A desire named streetcar

We’ve romanticized streetcars. Probably because San Francisco kepts its cable cars and they became world famous. But streetcars were popular only until better alternatives came along.

For some reason, possibly greed, the Southern Pacific never upgraded Stockton’s system. The ride got bumpy. Streetcars slowed and blocked automobiles, adding to congestion. Buses had great advantages. Revising and extending lines was way easier, for instance.

Still, when you see a photograph like this one of a streetcar stopping at Oxford Circle, it is hard not to feel a loss.

Here’s the Stockton streetcar route map.  

What was it like? This Yardley cartoon captures some of it.

If you want to go way back, streetcars were horse- or mule-drawn.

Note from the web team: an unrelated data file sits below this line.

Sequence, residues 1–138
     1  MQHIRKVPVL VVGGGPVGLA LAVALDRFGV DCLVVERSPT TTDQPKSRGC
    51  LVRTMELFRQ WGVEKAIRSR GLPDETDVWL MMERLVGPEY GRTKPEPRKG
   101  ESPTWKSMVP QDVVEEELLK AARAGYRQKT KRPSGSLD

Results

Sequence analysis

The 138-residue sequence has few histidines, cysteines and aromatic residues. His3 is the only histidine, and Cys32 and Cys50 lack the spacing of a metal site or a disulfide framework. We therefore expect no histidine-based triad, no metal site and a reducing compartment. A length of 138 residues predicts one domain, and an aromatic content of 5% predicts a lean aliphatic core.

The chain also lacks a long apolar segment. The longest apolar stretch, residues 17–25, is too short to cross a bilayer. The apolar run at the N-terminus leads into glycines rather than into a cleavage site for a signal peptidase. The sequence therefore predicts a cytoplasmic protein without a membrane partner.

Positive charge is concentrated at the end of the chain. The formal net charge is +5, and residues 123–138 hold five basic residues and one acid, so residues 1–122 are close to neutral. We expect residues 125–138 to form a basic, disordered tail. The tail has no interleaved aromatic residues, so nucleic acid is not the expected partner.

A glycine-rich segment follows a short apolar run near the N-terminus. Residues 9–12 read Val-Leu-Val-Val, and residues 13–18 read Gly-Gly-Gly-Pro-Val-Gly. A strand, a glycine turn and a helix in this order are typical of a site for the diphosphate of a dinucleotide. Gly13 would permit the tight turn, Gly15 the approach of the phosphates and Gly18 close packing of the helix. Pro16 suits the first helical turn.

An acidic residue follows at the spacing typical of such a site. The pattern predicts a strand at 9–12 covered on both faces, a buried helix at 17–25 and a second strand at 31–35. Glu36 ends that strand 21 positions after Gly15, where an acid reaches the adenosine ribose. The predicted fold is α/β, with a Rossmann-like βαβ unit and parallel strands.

You might assume the streetcar system was primarily for Stockotnians. But initially it was as much for travellers passing through. An east-west line ran from the Central Pacific railroad depot on the east end of town to the riverboat dock at the west end.

Here is that train station. Note the streetcar at right.

Finally, an amusingly named route, visible on the side of this trolley.

–Images courtesy The Haggin Museum

 

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  • Blog Author

    Michael Fitzgerald

    Mike Fitzgerald is The Record’s award-winning metro columnist. His column runs in the paper three times a week. Born in San Francisco, he was raised in Stockton. His column covers diverse beats including, sometimes, the offbeat. Read Full
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